Monday, 21 July 2014

On Scottish independence

In 1630, at the height of the Thirty Years War in Germany, the French Ambassador to the Holy Roman Empire made a clear and unequivocal demand: reduce your troops and sack Wallenstein (the Imperial General). This placed the Emperor in a difficult situation. The Swedish King had just landed in Northern Germany and the Ambassador's demands were tantamount to leaving German lands defenseless. Still, the Emperor acquiesced. Wallenstein was sacked and most of the troops demobilised.

Listening recently to the debate about Scottish independence I was reminded of this episode in the Thirty Years War. In effect, the French Ambassador's ultimatum was something akin to President Holland asking David Cameron to sack the Chair of the General Staff in London. Our reaction, rightly, would be: 'Who the hell does he think he is?'

Comparisons are of course fraught with problems, especially if they bridge several hundred years of European history, but this historical example is instructive. Sovereignty never was and certainly is not the indivisible prerogative of national governments.

This is where the Scottish independence debate strikes me as curiously lopsided. Let me say at the start that I firmly believe that Scotland, independent or as part of the Union, is and will continue to be a prosperous country, with rich natural resources and a highly educated and skilled workforce.

However, the tenor of the independence campaign has strangely romantic overtones that I struggle to reconcile with any realistic assessment of modern nation states operating in an interdependent world. This cuts both ways, interestingly. How so?

Firstly, it's what I would call the French Ambassador test. Some in the independence campaign appear to suggest that, once Scotland is independent, it can decide its own fate (whatever that means). The experience of the German Emperor should be a lesson to the contrary. The vision of an unencumbered Scottish public will manifesting itself in a sovereign Scottish government free to do all it currently cant do, is hard to sustain in a world like ours. In a sense, those who argue that independence will grant eternal freedom from external strictures (English or otherwise) take a similar view of Scotland as those in UKIP entertain for Britain. If only those evil 'others' would grant us full autonomy, we could decide things for ourselves. There is good reason to believe that this may turn out to be a mirage.

Yet, secondly, this vision of an independent Scotland assumes that there is a consensus about what this future Scotland should look like. The picture put forward tends to be a strange amalgam of socialist egalitarian nirvana with prosperity for all thrown in. This strikes me as an even stranger case of romanticism gone wild. It seems to rely on a caricature of 'the English system' (which is everything bad on the planet) and an eclectic melange of utopian, socialist and proto-communist elements.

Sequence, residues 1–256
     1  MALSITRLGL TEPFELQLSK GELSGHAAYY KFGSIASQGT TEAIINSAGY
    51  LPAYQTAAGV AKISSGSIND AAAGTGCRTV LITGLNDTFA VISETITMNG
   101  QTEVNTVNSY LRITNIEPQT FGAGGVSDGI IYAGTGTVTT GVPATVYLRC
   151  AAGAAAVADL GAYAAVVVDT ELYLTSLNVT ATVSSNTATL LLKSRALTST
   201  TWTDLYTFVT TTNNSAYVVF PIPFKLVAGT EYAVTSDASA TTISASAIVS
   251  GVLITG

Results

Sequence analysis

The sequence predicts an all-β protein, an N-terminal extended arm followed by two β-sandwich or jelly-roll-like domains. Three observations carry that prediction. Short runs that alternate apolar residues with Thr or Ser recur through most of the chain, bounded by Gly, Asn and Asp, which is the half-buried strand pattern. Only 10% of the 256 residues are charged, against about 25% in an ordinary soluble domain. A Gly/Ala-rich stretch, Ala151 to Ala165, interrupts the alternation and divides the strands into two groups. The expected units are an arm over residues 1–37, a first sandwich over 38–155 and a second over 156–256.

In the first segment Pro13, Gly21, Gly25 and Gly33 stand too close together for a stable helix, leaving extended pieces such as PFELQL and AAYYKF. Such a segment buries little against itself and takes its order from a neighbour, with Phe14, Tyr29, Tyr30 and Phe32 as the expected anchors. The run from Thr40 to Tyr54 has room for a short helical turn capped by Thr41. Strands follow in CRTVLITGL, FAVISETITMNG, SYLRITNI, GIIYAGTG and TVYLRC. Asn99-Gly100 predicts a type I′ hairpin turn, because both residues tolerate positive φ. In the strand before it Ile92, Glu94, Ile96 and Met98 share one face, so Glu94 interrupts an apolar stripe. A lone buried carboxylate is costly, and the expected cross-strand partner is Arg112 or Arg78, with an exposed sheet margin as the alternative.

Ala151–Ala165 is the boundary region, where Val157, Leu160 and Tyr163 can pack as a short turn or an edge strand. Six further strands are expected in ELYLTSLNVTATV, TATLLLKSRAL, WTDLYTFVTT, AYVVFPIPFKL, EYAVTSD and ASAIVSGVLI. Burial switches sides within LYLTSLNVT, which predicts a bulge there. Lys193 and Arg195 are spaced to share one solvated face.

There are two arguments that strongly suggest that an independent Scotland will not massively divert from where England is going, socially, culturally and politically. First, the Scottish government already has full powers over pretty much anything that matters in people's lives. Education, health and social services are all fully devolved issues at present. The Scottish Executive has even tax varying powers (which it has not used so far). It is interesting to note that there has been very little divergence from the 'English' path in devolved areas so far. So, why should independence be the start of total transformation?

The second aspect however is that this vision of a radically transformative society post-independence somehow assumes that there is a broad consensus amongst Scots about the direction of travel (to this socialist nirvana). Nothing could be further from the truth. The polling (and previous elections for the Scottish Parliament) indicate that Scots are just as politically diverse (political scientists speak of electoral cleavages) as any other modern society. There are even a solid 15 percent of Scottish voters who vote for the Conservative Party. So, the utopian socialist consensus does not seem to extend much further than the one third of voters who favour independence in the first place.

Which brings me to the reason why I believe this referendum will be lost by the SNP. Right from the start the campaign for independence was strongly premised on a cultural, political and social vision of Scotland that is curiously narrow, something that speaks to the proto-socialist romantic convictions of those who supported independence in the first place. Yet, the campaign was to be won (or lost) with the votes of those who did not share the SNP's electoral manifesto. All polling suggests that the Yes campaign has failed to reach out to the moderate centre. Barring any major political earthquake, Scotland may thus just stay part of the Union it joined about 300 years ago.